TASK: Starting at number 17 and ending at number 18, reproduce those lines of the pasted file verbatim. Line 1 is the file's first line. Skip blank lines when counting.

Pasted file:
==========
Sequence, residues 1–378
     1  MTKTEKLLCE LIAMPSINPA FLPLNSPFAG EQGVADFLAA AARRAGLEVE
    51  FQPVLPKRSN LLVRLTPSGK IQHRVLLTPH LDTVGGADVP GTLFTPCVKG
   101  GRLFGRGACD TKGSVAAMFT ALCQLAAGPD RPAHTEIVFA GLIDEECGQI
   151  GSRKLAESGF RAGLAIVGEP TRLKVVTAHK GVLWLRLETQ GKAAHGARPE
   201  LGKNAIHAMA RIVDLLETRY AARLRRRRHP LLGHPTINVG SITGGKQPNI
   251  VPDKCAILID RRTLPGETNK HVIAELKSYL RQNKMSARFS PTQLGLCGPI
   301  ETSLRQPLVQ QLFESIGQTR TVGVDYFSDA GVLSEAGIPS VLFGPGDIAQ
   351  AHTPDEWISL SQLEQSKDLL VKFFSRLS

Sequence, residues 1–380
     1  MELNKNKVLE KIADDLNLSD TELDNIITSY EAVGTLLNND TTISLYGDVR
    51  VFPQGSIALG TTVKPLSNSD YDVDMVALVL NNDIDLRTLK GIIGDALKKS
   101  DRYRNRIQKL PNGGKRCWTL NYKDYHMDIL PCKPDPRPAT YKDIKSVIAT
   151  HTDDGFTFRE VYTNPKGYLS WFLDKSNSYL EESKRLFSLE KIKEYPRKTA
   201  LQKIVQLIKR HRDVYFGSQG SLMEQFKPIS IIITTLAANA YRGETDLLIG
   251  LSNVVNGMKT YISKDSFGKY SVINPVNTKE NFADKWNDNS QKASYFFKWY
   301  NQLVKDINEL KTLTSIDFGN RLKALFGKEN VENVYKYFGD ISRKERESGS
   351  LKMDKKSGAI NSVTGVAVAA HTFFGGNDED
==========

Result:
   301  NQLVKDINEL KTLTSIDFGN RLKALFGKEN VENVYKYFGD ISRKERESGS
   351  LKMDKKSGAI NSVTGVAVAA HTFFGGNDED